Study pegs Seattle's basic living cost at $76,000 (even without lattes)
A family of four now needs annual income of nearly $76,000 just for basics to live in Seattle – up $30,000 from 2006.
That’s according to researchers at the University of Washington School of Social Work.
The study, the Self-Sufficiency Standard for Washington State 2017, lays out a bare-bones budget for a family (two parents, one school-age kid, one preschooler). That budget covers housing, food, and transportation, but also expenses like health care and child care.
It allows for adequate groceries, but no takeout or restaurant food – not even a single latte.
Even then, the income needed is up more than 60 percent in a decade.
The cost of living is "going up faster than our wages are going up for families, particularly at this low, basic level,” said Diana Pearce, director of the Center for Women’s Welfare at the UW School of Social Work and the lead author of the new report.
She said even with Seattle's higher minimum wage it is not enough to cover basics like housing, food and transportation.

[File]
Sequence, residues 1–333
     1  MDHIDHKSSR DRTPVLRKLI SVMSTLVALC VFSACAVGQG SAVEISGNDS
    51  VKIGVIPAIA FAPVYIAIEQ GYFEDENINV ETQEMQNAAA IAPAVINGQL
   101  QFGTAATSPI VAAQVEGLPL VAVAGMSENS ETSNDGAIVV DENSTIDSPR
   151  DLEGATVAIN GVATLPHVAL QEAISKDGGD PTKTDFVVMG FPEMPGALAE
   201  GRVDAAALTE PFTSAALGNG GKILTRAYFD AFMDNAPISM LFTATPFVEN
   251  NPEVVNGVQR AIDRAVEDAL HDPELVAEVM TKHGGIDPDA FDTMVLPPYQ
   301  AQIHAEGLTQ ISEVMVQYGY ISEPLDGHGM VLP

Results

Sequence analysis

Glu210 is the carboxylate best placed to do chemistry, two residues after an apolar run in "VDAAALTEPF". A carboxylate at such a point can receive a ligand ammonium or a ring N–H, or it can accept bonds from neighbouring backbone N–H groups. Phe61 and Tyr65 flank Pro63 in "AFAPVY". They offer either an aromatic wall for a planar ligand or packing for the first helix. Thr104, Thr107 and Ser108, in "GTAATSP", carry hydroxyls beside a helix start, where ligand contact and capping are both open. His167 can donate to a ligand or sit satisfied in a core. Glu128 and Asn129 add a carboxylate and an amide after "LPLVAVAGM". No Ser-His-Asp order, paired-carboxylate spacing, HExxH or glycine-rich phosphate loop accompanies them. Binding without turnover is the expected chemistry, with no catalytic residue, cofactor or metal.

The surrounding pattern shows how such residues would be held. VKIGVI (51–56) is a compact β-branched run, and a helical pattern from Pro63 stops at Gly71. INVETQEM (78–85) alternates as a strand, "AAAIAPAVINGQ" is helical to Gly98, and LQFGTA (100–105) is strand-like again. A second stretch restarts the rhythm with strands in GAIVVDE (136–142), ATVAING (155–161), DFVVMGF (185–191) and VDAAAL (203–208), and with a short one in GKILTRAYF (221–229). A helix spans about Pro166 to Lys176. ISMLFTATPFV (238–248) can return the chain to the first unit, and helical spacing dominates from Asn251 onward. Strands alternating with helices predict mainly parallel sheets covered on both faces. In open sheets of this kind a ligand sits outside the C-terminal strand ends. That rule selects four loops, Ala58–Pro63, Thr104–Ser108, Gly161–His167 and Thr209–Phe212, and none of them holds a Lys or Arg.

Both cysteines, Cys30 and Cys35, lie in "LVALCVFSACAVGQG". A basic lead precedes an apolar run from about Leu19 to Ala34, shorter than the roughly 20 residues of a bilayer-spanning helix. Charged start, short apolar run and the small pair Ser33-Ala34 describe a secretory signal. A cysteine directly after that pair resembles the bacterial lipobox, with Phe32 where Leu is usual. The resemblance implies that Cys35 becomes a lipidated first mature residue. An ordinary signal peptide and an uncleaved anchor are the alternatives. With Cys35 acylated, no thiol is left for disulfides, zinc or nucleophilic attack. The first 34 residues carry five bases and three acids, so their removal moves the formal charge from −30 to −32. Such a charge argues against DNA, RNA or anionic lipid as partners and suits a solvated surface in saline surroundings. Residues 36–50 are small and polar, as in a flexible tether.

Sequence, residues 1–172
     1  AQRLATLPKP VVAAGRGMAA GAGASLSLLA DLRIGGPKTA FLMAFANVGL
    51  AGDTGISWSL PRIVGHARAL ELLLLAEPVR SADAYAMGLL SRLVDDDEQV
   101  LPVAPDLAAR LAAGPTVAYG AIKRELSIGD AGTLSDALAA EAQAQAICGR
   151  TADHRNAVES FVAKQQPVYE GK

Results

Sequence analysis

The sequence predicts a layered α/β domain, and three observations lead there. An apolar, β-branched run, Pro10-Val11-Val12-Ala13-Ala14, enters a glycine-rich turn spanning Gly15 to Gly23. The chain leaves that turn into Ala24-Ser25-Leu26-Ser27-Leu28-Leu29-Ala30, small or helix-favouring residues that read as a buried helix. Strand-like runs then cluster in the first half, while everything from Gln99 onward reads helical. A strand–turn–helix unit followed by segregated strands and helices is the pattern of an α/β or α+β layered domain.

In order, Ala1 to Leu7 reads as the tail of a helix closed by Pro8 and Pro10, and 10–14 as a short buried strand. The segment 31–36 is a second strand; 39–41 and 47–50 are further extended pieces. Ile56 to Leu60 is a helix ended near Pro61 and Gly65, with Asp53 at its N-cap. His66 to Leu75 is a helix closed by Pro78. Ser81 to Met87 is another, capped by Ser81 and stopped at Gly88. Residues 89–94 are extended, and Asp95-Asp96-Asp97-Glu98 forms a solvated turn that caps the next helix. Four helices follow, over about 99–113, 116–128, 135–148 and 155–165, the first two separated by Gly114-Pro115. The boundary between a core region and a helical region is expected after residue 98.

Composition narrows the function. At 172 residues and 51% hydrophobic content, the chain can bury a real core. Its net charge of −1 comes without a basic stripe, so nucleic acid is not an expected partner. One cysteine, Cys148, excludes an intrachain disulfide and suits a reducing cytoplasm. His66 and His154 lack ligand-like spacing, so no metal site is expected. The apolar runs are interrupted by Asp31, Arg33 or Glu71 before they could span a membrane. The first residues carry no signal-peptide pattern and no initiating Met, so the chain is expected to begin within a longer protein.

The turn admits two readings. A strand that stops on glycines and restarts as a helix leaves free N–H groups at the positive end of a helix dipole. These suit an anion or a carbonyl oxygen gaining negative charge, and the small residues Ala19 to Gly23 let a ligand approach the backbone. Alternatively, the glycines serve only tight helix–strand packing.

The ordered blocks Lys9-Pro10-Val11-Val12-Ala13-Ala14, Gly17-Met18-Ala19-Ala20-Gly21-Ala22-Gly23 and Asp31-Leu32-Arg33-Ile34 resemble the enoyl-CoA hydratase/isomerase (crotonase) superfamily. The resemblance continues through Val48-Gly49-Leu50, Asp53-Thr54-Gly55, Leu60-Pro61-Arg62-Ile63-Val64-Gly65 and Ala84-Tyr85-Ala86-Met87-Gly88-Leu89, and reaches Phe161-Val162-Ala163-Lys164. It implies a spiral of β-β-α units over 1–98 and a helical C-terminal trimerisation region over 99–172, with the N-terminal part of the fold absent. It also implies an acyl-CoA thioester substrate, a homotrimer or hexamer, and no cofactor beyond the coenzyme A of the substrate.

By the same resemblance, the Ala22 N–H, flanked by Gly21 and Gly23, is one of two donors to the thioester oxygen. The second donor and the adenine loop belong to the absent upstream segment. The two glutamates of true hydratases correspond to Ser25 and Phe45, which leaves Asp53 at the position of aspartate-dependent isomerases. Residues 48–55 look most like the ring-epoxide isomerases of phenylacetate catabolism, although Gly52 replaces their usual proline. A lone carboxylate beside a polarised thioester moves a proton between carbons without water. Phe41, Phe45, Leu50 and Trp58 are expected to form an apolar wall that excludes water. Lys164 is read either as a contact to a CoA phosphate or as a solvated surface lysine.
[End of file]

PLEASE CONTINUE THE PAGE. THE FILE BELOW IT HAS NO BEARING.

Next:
Two adults working full time would need to earn nearly $18 an hour each to support a family of four.
One solution: more programs to help low-income workers cover basic costs. And Pearce said businesses should do more too.
"Do we want to support small businesses that are viable only by exploiting people and having people work at wages where they can't meet their basics?" she said.
But some small business owners tell KUOW they're having a hard time keeping up with rising costs, too.
Seattle is at the high end of the scale in the study, but it's not the highest. Eastern King County ($83,778) and western Snohomish County ($79,374) were more expensive in the study.
Asotin County in the southeast corner of the state had the lowest cost. The study says a family of four there would need an annual income of $49,000.